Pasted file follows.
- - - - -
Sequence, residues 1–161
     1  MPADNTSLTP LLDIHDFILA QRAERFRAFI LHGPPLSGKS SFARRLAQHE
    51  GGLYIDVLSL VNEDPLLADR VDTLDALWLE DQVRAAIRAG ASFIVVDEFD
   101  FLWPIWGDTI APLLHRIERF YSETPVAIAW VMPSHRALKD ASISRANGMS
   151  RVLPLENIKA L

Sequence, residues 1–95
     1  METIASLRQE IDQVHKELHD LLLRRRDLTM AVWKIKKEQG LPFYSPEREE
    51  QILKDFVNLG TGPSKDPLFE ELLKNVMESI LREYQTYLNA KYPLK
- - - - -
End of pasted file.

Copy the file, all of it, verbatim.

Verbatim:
Sequence, residues 1–161
     1  MPADNTSLTP LLDIHDFILA QRAERFRAFI LHGPPLSGKS SFARRLAQHE
    51  GGLYIDVLSL VNEDPLLADR VDTLDALWLE DQVRAAIRAG ASFIVVDEFD
   101  FLWPIWGDTI APLLHRIERF YSETPVAIAW VMPSHRALKD ASISRANGMS
   151  RVLPLENIKA L

Sequence, residues 1–95
     1  METIASLRQE IDQVHKELHD LLLRRRDLTM AVWKIKKEQG LPFYSPEREE
    51  QILKDFVNLG TGPSKDPLFE ELLKNVMESI LREYQTYLNA KYPLK